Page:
Czerny Op 335 #15, 2 versions
In a collection full of interesting “character pieces” #15 stands out for its drama. Czerny marks it “molto allegro,” and the repeated chords are, alternately, double-forte staccato homophony and piano legato polyphony (that is, with independant melodic inner voices)--dynamics that seem to exaggerate (for pedagogical purposes) the “sturm und drang” of Beethoven. At m 17 Czerny moves to the relative minor with a fine, long-line LH melody that dips into the lowest register of the piano, and he calls for double-piano and legatissimo. Here the harmony becomes new drama. From b flat minor he modulates to the key of the Neapolitan (B major) to repeat the LH melody, and at m 23 he begins a series of rapid modulations by half-steps up to the Aug6 of D flat major and a double-forte emergence into the sunlight of the home key at m 34. It’s a remarkable piece in a collection of remarkable pieces. But I don’t think it would be very useful in ballet class; the rapid and abrupt changes of volume and dynamics would more likely be a distraction during a combination than a support. I’ve re-imagined #15 as an extended adagio.
Op 335 #15, 1st Version: extended 4/4 adagio, 16 sets of 8-count phrases
This is my performance of #15 as an extended adagio, for which I supply a score. I analyze the structure of #15 as binary (AB), with mm 1-16 the A section, mm 17-33 a highly contrasting B section, and mm 34-45 a coda in the home key. In re-imagining Czerny’s material I’ve organized it in ternary form (AABA), slowed it to about a third of Czerny’s molto allegro, and recast Czerny’s percussive, declamatory repeated chords as a soft, gentle pulsation. I created a simple melody for the A section to contrast with Czerny’s wonderfully urgent B section, and deployed my melody first in the bass, then in the soprano, and, in the B section, in close dialog between bass and soprano. I thinned the chordal voices to keep the melodic content in clear focus.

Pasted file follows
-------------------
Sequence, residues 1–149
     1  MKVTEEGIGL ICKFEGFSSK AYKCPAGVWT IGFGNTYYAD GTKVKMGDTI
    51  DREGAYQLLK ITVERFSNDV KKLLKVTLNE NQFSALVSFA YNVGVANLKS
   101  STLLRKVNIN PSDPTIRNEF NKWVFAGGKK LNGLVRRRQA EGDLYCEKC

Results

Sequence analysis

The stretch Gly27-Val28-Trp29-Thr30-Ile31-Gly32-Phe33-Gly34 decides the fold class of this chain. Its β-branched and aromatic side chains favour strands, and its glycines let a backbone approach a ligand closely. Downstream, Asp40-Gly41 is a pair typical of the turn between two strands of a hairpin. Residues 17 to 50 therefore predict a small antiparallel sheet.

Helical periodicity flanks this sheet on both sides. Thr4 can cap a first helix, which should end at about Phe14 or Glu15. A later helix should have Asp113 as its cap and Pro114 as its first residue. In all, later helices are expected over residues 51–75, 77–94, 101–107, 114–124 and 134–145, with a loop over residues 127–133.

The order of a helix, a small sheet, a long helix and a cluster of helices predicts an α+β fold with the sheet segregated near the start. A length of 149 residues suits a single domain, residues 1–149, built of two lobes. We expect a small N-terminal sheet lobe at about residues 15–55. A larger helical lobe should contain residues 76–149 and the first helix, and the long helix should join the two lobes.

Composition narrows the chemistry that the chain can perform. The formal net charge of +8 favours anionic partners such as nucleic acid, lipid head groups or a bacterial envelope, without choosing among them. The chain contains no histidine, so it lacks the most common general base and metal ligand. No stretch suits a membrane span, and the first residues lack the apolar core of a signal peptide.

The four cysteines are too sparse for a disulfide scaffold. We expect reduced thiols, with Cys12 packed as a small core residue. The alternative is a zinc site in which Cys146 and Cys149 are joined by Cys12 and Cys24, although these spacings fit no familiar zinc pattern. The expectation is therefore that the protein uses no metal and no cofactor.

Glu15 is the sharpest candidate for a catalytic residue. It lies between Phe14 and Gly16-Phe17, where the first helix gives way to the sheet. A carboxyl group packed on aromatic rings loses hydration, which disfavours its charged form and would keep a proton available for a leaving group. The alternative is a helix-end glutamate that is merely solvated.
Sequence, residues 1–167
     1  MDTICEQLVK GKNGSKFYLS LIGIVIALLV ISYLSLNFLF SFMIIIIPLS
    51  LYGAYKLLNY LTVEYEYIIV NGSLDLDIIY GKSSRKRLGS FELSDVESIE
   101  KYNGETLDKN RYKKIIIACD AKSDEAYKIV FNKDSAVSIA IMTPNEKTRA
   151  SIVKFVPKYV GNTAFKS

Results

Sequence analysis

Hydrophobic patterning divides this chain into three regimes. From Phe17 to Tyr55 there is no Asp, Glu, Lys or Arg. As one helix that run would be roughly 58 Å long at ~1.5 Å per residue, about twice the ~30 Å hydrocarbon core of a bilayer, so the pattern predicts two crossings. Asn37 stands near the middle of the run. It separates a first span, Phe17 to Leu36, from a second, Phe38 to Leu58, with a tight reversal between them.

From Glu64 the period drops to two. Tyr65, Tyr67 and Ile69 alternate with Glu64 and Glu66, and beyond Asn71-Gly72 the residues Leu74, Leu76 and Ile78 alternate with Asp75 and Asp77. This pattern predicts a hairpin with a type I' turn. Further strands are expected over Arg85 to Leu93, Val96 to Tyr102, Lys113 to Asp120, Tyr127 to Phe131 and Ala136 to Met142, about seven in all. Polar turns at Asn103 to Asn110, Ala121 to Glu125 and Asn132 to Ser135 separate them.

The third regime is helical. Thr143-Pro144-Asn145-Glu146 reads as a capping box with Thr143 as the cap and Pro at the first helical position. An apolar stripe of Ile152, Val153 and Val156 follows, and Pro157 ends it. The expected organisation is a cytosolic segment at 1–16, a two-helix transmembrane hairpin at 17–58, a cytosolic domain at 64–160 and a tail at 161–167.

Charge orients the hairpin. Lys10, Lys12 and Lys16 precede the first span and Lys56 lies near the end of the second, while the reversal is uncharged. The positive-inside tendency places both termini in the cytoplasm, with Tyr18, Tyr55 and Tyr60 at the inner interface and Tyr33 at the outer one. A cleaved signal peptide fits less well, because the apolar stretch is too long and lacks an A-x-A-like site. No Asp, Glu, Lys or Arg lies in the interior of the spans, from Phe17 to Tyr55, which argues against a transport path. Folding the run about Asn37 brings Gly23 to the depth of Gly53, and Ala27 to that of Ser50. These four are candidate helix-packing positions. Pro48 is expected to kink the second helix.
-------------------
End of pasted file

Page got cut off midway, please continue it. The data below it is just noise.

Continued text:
I specifically have plies in mind for this music. Plies is typically the longest combination at the barre (when there’s no pause between sides) and choreographically the most static. A long ternary-form piece of music is well suited to the meditative aspects of plies, the “journey” aspect, the “story” aspect of beginning, middle and end. Typically the B section will be the start of the second side of plies, and you can energize it somewhat as a “new start”, but in this case it shouldn’t be allowed to become jarring or bombastic--I try to make it a “journey away” and then a “return to” the concluding A section.
In Part One (Op 299 #27) I explained that most adagio combinations in ballet class are set in 3/4 because the “one” of 3/4 is easier to hear and keep track of than the “one” of 4/4: in 3/4 there’s only one count per measure; in 4/4 they are two. I wrote that we should always be on the lookout for a 4/4 adagio that can serve double duty as a 3/4 adagio. I described how a 4/4 adagio might, with more or less success, be turned into a 3/4 adagio or a 6/4 adagio. My 2nd Version of #15 is an arrangement of my 1st Version in 6/4 (which is then re-notated in 3/4).
Op 335 #15, 2nd Version: extended 3/4 adagio, 16 sets of 8-count phrases
This is a performance of my 1st Version recast in 3/4, and I supply a score. For this music I specifically have ronds de jamb in mind. Ronds de jamb combinations are typically as long as plies, but choreographically complex. They usually have a binary character, with an “a terre” A section followed by a contrasting port de corps (or stretch) B section, and often a balance for a coda. In making my 3/4 arrangement of #15 I changed the ternary structure of my 1st Version back to Czerny’s binary structure in order to match the binary structure of ronds de jamb; that is, I simplified my 1st Version AABA structure to AB which is then repeated.
In the A section (the “a terre” part) I made the melody simpler than in my 1st Version, but introduced new melodic lines to the chordal accompaniment, creating at the outset of the piece a duet effect between tenor and soprano. In the B section (the port de corps, stretch section) I allowed for the drama of the first 16 bars (in Bb minor and B major), but used the next 16 bars to quiet the drama down and get back in the home key and prepare for the return of the A section. There’s no rule that says we have to match the binary character of ronds de jamb combinations, that we have to have a quiet “a terre” part followed by a contrasting “port de corps” part, or the other way around. Sometimes I do, sometimes I don’t. I offer this second arrangement of #15 partly as experiment and partly as illustration.